Read KET’s urgent plea here. Make your voice heard. Mr. Fred Rogers isn’t around to do it for us this time as he did in 1969. Can someone… can we fill his shoes?
I call it just a day. A real day. I spent time away from the computer. I opened and learned the new pressure canner I bought. We have so many tomatoes, and I know I need to learn to put things up. It’s part of it. Though I have heard the stories of pressure canners blowing people up, I know they must be relatively safe, and it is time I got acquainted. Tomatoes are supposedly easy to put up.
I hate reading manuals. I like my reading to have a narrative quality even if non-fiction. I’d much prefer learning my being taught by a breathing being, but time has not allowed me that, and none of my family that lives closer to us cans. I withstood the reading, working through the text step by step, trying to be hands on instead of reading and then doing. I readied 7 quart jars. I knew I’d fill those and have left overs. Yet, when I smashed in the tomatoes as instructed by the manual, I found that I could only fill 4 of those.
As soon as the jars were prepared, the girls and I got the best surprise. At my back door, stood my daddy. He had come just in time to be present for my blowing up the house. But, it all went off without a hitch. The best part is my daddy was smiling and seemed at ease. He has a job that carries with it a huge responsibility, and sometimes I wish he could leave it behind. I always remember my happy daddy fondly. Nobody else can be happy like him. When he is happy he can hold the world on his back and go with simple movements, unhindered, laughing. Oh, the laughing.
Dad helped me fix the air conditioner away from the stove. Our little wall unit blows the flame on my gas stove, so I had turned it off. It was like a sauna in the cabin. He couldn’t stay long and we were alone again. The jars finished processing. I did my yoga practice. Ivy napped. When I got the jars out of the canner, I got this…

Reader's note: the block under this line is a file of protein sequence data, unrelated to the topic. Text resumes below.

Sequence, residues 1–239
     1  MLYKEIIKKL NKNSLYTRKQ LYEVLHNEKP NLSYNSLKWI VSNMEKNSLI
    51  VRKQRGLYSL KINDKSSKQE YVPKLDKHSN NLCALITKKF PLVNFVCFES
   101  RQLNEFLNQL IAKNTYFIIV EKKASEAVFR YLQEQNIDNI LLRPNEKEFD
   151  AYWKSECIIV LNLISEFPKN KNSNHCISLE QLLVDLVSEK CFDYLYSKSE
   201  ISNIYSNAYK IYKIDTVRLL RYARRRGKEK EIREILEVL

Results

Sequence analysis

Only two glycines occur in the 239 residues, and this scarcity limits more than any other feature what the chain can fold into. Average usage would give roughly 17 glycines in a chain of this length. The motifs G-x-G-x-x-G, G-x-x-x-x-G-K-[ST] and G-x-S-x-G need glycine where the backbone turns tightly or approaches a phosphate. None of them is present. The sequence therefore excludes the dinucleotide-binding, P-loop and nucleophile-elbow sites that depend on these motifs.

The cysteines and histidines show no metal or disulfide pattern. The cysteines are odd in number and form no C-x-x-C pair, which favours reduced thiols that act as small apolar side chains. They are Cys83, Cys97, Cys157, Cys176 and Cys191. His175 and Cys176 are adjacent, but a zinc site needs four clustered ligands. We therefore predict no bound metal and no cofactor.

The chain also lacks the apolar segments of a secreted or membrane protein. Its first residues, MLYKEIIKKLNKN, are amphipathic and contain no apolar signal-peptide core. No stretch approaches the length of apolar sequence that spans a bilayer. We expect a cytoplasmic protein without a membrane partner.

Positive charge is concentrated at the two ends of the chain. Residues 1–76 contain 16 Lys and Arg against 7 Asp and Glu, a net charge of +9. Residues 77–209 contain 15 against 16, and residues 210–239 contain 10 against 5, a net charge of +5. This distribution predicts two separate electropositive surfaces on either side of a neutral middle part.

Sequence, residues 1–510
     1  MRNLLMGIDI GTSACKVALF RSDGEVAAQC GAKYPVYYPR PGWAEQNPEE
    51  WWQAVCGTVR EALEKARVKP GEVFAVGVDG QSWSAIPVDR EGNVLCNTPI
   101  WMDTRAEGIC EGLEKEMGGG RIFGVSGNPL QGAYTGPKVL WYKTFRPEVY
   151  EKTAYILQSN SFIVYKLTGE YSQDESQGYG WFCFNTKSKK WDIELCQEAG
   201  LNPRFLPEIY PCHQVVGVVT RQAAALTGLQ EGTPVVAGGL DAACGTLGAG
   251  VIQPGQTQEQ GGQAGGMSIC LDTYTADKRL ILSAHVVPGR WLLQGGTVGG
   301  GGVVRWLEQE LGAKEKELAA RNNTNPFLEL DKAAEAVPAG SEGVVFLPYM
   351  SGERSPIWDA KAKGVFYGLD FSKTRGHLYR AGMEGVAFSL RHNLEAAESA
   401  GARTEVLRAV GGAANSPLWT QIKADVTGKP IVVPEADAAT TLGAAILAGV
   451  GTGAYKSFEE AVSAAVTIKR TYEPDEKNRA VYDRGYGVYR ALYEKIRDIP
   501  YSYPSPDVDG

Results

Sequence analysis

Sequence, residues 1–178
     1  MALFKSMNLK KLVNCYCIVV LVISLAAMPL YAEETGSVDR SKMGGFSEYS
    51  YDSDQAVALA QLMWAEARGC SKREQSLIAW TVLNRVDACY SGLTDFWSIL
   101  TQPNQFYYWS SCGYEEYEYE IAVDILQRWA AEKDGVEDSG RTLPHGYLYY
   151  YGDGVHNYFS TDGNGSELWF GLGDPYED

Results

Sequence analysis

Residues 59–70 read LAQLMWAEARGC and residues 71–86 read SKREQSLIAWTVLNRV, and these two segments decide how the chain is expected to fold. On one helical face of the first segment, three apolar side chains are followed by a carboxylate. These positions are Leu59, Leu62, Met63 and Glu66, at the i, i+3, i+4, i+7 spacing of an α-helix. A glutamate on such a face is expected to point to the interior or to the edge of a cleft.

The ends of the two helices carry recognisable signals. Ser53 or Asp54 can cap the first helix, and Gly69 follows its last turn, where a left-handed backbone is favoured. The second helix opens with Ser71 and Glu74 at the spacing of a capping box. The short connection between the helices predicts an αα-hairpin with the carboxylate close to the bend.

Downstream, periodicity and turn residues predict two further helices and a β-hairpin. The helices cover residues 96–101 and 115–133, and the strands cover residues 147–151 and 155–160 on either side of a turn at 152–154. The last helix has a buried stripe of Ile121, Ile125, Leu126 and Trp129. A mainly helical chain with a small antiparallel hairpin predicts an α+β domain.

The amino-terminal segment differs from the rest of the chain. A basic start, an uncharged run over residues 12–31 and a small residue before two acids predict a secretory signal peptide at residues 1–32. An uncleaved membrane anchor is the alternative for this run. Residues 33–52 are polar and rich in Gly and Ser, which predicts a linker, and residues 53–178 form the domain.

Floaters. I should have poured off the juice I got after packing and put in more tomatoes. The jars are sealed though, and John’s Mamaw – canner extraordinaire – says they are going to be just fine to eat. They will be used for soups and sauces this winter. I’m so pleased that the blight didn’t wipe them out this year like our last year’s crop. We are making progress even if baby steps. We’ll eventually walk with few stumbles, then glide.
Yesterday, we went on a trip spearheaded by illustrious Nathan Hall to tour the Abingdon, Virginia Farmer’s Market and the organic farm of Anthony Flaccavento. He is the director of Appalachian Sustainable Development, an organization that supports local economy, especially in the form of sustainable agriculture and local eating. Flaccavento along with others in the area brought about a change in the local economy of a region of Appalachia that is an inspiration to folks living in the coalfields of eastern Kentucky. Opposed to common thought, not all of Appalachia is filled with coal nor is dealing with the results of surface mining (strip mining or mountaintop removal – all other words for it). The questions for us in the coalfields being whether a coal economy is serving us now, or whether it will provide an economy for us in the future. However, many Appalachian towns are looking to rebuild or redevelop their local economies in order to provide opportunities for their citizens and to keep their towns alive and thriving. Some see the answer as being the urbanization of Appalachia, or the move to a more universal American pop culture for all. Others see Appalachia surviving on a more modern version of going back to its roots, and that is where the Haywood’s fall.